< Earlier Kibitzing · PAGE 4 OF 4 ·
|Jul-23-09|| ||myschkin: . . .
"The Father of Hypermodern Chess" P.1
'... Wilhelm Steinitz at least gave posthumous credit to Paulsen’s pioneer work - ...'
by Imre Koenig
|Nov-11-09|| ||fred lennox: Calling Paulsen the father of hypermodern depends how much you want to consider the child father of the man. There's Staunton, Anderssen, Steinitz and a not so obvious Lasker, all forshadowed hypermodern. Father is a bit misused. Establisher is more the point, though less fluent.|
|Jul-06-10|| ||David2009: <Dec-17-04 and Dec-05-04 vonKrolock: <SBC: Louis Paulsen's only chess problem.> only, so surely this one: 8-2B5-8-1n2Rp2-8-3bpkpB-4N3-4K3 #2 (5+6)- In American Chess Nuts, number 334. [snip]>
click for larger view
Mate in 2. Nice problem! Thanks <SBC> and <vonK>.
Nice to see Louis Paulsen getting recognition. He was one of Blackburne's motivators to take up chess: they met in 1861 during Paulsen's Manchester tour Paulsen vs Blackburne, 1861 (first recorded Winawer?); Paulsen vs Blackburne, 1861 (blindfold simultaneous).
|Jul-06-10|| ||vonKrolock: <David2009> Merci beaucoup, aussi pour le diagramme, très gentil - back then in 2004 there was not yet such facility here|
|Jul-31-10|| ||GrahamClayton: Photo of a young Paulsen:
|Sep-09-10|| ||GrahamClayton: A description of Paulsen from the "Hobart Town Daily Mercury", dated 17 November 1858:|
"...Paulsen is described in one of the Chicago papers as tall and muscular. His face smooth, hair light and cut short, grey eyes, compact facial muscles, and a head of prodigious size. His head is said to be the largest of any man in the country. He seems to perform his astonishing feats with ease, never experiencing the least headache, and feeling quite clear throughout. He declares that he can play better blindfold chess than in the usual manner, and had he always his choice would never play otherwise. While playing, he looks remarkably calm, and yet, if a bystander feel his pulse, he would count as many as 110 and more."
|Oct-03-10|| ||DarthStapler: The Salieri to Morphy's Mozart|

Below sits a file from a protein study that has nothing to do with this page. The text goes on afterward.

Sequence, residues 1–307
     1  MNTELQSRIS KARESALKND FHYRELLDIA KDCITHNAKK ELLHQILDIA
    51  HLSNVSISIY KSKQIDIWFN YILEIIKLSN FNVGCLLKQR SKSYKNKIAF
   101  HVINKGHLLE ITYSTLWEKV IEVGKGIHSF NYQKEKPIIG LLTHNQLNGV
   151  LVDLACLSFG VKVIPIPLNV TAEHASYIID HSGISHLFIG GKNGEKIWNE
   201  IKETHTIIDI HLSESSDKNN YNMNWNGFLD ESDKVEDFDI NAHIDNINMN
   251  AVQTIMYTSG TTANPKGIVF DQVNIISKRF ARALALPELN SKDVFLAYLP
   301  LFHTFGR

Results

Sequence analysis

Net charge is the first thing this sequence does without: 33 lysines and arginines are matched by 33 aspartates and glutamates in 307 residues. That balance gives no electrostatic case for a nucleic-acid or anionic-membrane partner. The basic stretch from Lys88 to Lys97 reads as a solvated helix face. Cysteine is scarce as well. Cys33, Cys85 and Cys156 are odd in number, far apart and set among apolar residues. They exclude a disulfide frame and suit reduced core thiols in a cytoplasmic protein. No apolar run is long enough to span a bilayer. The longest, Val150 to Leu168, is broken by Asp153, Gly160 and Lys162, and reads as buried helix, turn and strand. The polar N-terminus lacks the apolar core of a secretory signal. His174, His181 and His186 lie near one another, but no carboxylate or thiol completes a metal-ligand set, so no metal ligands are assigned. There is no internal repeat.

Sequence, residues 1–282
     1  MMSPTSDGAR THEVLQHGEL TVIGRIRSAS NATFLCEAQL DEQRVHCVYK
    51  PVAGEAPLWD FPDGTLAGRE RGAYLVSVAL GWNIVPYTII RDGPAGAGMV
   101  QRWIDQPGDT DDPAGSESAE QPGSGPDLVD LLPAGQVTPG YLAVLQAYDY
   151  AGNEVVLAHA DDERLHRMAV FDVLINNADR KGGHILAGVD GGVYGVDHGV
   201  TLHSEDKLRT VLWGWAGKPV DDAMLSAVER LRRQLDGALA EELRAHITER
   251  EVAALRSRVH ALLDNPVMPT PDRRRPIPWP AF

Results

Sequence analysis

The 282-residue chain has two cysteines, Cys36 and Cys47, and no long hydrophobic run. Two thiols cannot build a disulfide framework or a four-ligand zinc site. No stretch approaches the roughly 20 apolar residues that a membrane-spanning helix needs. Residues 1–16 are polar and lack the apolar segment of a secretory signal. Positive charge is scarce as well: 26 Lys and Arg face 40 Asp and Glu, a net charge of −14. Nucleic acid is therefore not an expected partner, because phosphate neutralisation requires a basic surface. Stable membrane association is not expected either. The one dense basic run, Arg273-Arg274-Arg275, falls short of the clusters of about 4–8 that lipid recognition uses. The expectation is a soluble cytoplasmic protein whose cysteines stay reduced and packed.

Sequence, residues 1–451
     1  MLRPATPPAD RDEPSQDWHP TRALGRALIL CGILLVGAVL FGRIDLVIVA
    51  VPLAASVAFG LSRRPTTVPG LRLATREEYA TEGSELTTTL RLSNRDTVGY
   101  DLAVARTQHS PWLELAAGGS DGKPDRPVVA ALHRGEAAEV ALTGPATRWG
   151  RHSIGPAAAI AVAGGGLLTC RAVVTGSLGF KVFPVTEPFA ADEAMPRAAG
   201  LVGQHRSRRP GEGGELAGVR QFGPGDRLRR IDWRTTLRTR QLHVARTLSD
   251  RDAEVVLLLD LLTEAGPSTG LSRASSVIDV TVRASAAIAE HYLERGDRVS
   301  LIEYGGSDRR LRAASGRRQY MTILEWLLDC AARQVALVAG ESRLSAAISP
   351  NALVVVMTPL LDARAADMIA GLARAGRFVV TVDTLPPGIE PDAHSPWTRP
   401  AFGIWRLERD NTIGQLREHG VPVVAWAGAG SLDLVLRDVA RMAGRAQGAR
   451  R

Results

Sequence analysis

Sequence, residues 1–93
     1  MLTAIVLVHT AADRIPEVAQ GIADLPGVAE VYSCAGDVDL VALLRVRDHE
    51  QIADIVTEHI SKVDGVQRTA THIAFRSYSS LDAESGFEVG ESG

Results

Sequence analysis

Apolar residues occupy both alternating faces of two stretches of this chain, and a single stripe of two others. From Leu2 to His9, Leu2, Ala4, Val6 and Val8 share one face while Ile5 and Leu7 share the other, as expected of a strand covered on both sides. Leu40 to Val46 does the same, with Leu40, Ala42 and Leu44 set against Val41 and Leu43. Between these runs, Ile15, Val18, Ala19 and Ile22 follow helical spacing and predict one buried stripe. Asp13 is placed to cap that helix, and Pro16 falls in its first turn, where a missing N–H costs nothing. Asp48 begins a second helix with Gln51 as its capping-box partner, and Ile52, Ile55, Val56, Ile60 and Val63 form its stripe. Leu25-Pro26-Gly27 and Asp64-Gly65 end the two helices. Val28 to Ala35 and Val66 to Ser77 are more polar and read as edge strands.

|Jan-15-11|| ||talisman: happy birthday louis!|
|Jan-13-12|| ||Benzol: I wish someone would write a decent book on Paulsen and his games.|
|Jan-13-12|| ||thomastonk: <Benzol> There is a book on Louis Paulsen, his family and his games, but it is written in German. Author: Horst Paulussen, title: "Louis Paulsen 1833 - 1891 und das Schachspiel in Lippe 1900 - 1981", year: 1982, 312 pages.
It is still available and has even a low price.|
|Jan-13-12|| ||Benzol: <thomastonk> That's great news. Is there an English translation available?|
|Jan-13-12|| ||thomastonk: <Benzol> No translation - it's the only book by this author.|
|Jan-13-12|| ||Benzol: <thomastonk> OK thanks. I might just have to start learning German. I think I'm too old now though.|
|Jan-13-12|| ||Calli: Iowa State Chess Association has a file with 53 more games than CG. Download at http://wwx2.tripod.com/chess.html Don't have time right now to sort it out myself.|
|Jan-15-12|| ||brankat: R.I.P. master Paulsen.|
|Jan-15-12|| ||Penguincw: Happy Birthday!|
|Dec-26-12|| ||thomastonk: <chessgames.com> From the biography: "He defeated Ignatz Von Kolisch (+7, =18, -6) in 1861 ..." Several others have kibitzed it before, and maybe you like to change it: the match ended drawn (though the qouted result is correct).|
Before the match it was agreed that nine wins would be necessary to decide it. After 17 games Paulsen was leading by 6:1. But then Kolisch won three games in a row and after 31 games the result was only 7:6 in Paulsen's favour. Here both men agreed the draw.
|Jan-15-13|| ||Kikoman: Rest In Peace Sir Louis Paulsen.|
|Oct-19-13|| ||Karpova: According to page 1 of the January 1882 'British Chess Magazine' (the Almanac), Louis Paulsen was born on January 10, 1833 (here it says January 15). Which date is correct?|
|Oct-19-13|| ||RedShield: According to Gaige's <Chess Personalia>, which lists several biographical sources, it's the 15th.|
|Oct-19-13|| ||waustad: I know that he was born and died in germany and lived for some time in or around Dubuque, Iowa. Does anybody know how long he lived in the US? Since he was often back to Europe, he must have been quite a traveller, considering that for much of his life a transatlantic crossing was a rather slow event at the mercy of the winds.|
|Oct-20-13|| ||thomastonk: <waustad: Does anybody know how long he lived in the US?> Only from 1853 until the autum of 1860.|
<Since he was often back to Europe, he must have been quite a traveller, ...> No, he went only once back to Europe and stayed there.
|Oct-20-13|| ||parisattack: Quite a pioneer in the Sicilian! Early MCOs refer to the Kan as Paulsen's Defense. He also played the Taimanov often enough.|
Some books used to call ...Nbd7 in the ....e6 Sicilian 'Paulsen' as distinquished from ...Nc6 Scheveningen. Not sure how that came to be, however.
|Oct-20-13|| ||waustad: Thanks for the information. 1860 sounds like a good time to get out of the US.|
|Oct-20-13|| ||redwhitechess: snip of his obituary:
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